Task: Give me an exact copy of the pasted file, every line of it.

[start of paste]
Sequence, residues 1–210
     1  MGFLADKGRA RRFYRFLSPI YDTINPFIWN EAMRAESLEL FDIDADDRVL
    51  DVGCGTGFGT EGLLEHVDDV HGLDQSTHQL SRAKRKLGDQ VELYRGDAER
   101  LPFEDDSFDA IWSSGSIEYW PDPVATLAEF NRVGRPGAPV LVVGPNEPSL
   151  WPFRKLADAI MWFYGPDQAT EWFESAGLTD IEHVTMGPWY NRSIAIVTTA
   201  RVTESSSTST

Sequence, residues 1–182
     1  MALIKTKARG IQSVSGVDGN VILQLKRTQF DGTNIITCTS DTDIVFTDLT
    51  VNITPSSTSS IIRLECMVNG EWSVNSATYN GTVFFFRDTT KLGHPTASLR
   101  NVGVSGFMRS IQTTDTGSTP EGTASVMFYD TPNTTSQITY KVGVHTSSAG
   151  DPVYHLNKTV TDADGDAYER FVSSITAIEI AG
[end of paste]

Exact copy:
Sequence, residues 1–210
     1  MGFLADKGRA RRFYRFLSPI YDTINPFIWN EAMRAESLEL FDIDADDRVL
    51  DVGCGTGFGT EGLLEHVDDV HGLDQSTHQL SRAKRKLGDQ VELYRGDAER
   101  LPFEDDSFDA IWSSGSIEYW PDPVATLAEF NRVGRPGAPV LVVGPNEPSL
   151  WPFRKLADAI MWFYGPDQAT EWFESAGLTD IEHVTMGPWY NRSIAIVTTA
   201  RVTESSSTST

Sequence, residues 1–182
     1  MALIKTKARG IQSVSGVDGN VILQLKRTQF DGTNIITCTS DTDIVFTDLT
    51  VNITPSSTSS IIRLECMVNG EWSVNSATYN GTVFFFRDTT KLGHPTASLR
   101  NVGVSGFMRS IQTTDTGSTP EGTASVMFYD TPNTTSQITY KVGVHTSSAG
   151  DPVYHLNKTV TDADGDAYER FVSSITAIEI AG